When you think about the First Person Shooter craze you’d generally think of one thing: multiplayer. And this had been the focus of the details I had seen from the latest Battlefield experience. The game looked impressive, had some real old-war atmosphere about it and had that very DICE feel. And, with no disrespect to DICE, this had me concerned as someone who still likes these games for single player. But after my first few days with the game, the Battlefield 1 War stories mode has really left me stunned at their quality.
Each of them so far has been outstanding, really captured the feel of the Great War and had me really excited to play more.
As my author name, Respawn Rossco would suggest, I’m not the best player at multiplayer out there. Respawning is where you’ll usually find me in-between rush-of-blood charges and stupid deaths. So I was hoping this game would give me some joy from the single player side and so far it’s really delivered.
Below I’ll be talking about a couple of the stories I’ve played and general thoughts on the game so far. More is coming up too with me taking on Multiplayer in my next diary entry. But for now, let’s have a look at the first war story.
Don’t forget to leave me your comments using Disqus at the end, I shall read all of them and reply!
I’ve mentioned this before on my article about remastered games coming up, I have a self-diagnosed condition: Gamer OCD.
This means things must be played in order, should there be an order. Would I play game 3 without playing games 1 and 2? Well, not if they impact on one another in some way no!
Final Fantasy is ok to miss one, Mass Effect and Dragon Age is not!
This also affects me within the game so after playing through a rather brutal introduction in the prologue (more on that in a moment) I was greeted with the 5 war stories as the multiplayer component installed.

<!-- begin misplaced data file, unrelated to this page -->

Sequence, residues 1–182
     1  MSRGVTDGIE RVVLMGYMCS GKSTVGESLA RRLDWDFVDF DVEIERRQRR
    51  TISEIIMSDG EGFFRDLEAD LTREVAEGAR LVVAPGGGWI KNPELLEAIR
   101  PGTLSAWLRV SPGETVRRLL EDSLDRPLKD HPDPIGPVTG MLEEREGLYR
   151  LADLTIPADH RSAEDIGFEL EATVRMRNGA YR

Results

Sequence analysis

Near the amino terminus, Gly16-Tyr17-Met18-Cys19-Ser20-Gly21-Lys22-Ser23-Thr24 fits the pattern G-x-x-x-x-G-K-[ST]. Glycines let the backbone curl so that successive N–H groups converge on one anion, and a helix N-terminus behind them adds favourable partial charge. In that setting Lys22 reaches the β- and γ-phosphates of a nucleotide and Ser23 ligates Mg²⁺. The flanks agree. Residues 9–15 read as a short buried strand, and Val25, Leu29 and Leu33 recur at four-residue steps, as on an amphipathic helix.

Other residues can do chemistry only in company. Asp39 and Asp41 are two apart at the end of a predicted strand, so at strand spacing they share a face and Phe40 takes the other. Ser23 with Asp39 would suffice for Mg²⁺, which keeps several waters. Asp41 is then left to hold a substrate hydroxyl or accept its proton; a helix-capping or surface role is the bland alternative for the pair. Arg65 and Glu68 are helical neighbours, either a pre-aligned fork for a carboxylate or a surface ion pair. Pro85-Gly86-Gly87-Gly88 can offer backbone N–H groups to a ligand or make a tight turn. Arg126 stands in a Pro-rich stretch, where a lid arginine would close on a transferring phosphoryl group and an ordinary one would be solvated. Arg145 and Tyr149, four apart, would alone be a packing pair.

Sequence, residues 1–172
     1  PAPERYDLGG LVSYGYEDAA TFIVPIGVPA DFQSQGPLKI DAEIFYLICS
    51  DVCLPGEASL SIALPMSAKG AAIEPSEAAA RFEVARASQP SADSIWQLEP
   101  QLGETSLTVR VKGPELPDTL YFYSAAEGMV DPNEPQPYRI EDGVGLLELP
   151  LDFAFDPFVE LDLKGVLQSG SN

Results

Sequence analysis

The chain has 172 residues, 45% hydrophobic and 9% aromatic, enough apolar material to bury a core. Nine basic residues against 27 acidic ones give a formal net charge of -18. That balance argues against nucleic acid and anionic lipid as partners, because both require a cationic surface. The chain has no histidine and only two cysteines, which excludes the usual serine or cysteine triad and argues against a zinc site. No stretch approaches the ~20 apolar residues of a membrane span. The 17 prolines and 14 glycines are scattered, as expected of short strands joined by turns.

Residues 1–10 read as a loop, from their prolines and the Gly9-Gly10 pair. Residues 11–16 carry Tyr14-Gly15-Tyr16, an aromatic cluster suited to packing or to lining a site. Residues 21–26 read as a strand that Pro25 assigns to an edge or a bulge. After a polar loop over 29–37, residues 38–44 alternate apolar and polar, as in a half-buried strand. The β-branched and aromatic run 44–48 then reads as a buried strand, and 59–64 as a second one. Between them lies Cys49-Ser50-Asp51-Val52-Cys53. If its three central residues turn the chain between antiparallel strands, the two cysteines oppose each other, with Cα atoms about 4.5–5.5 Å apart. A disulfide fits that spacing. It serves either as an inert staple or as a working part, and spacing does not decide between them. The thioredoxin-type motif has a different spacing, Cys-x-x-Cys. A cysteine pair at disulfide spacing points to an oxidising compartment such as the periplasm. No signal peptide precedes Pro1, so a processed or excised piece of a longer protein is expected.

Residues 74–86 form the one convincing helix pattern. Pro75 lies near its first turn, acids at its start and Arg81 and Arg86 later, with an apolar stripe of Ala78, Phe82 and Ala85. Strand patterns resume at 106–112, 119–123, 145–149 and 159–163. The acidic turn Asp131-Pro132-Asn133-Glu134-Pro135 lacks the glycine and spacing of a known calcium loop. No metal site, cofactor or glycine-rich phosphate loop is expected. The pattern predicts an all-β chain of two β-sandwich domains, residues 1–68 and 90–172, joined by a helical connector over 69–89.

- Through Mud and Blood
- Friends in High Places
- Avanti Savoia
- The Runner
- Nothing is Written
So far I have done 2 of them and working on the third. Hence my gamer OCD… I have done Through Mud and Blood, Friends in High Places and started Avanti Savoia.
Must… Play… In… Order!
But before I got into those, the game did something that I hadn’t really thought about: paid its respects to World War 1. The short but impactful words on the screen hit home first: It was the war to end all wars. It ended nothing (or very similar) was really setting the tone about the game. Then you took over as the screen read: This is frontline combat. You are not expected to survive.
First this really gets me as I hold my pad in hands about to go into this experience, thinking that this all happened for real. It’s quite hard to think about how these real people went into combat knowing most of them wouldn’t survive.
And, in the game, survive I did not but you are clearly not supposed to. There are lines to hold as a soldier, targets to hit as a tank gunner and there are many bullets and explosions to avoid. Soon your chosen character will die, leading to their name obituary style name, birth and death years on screen as you move to another.
Everything is muddy, grimy and intense and really set the tone for the whole game brilliantly. I was ready for more.
Black Bess, Mud and a Hint of Far Cry
My next adventure was to take on the role of Daniel Edwards, a British chauffeur turned Land-ship driver in the Great War. You are introduced to him in a very intense scene that sees him looking very beat up and bloodied, taken back in time to his chauffeuring and then into the beginning of the adventure.
The acting is really well done as are the visuals of very scene, it’s very impressive the job they have done here already. And the mission was both fun and intense to play in.
I blew up various targets along my way through the first area, taking down artillery and capturing locations along the way. Forcing the German army back further and further. It all felt very thrilling.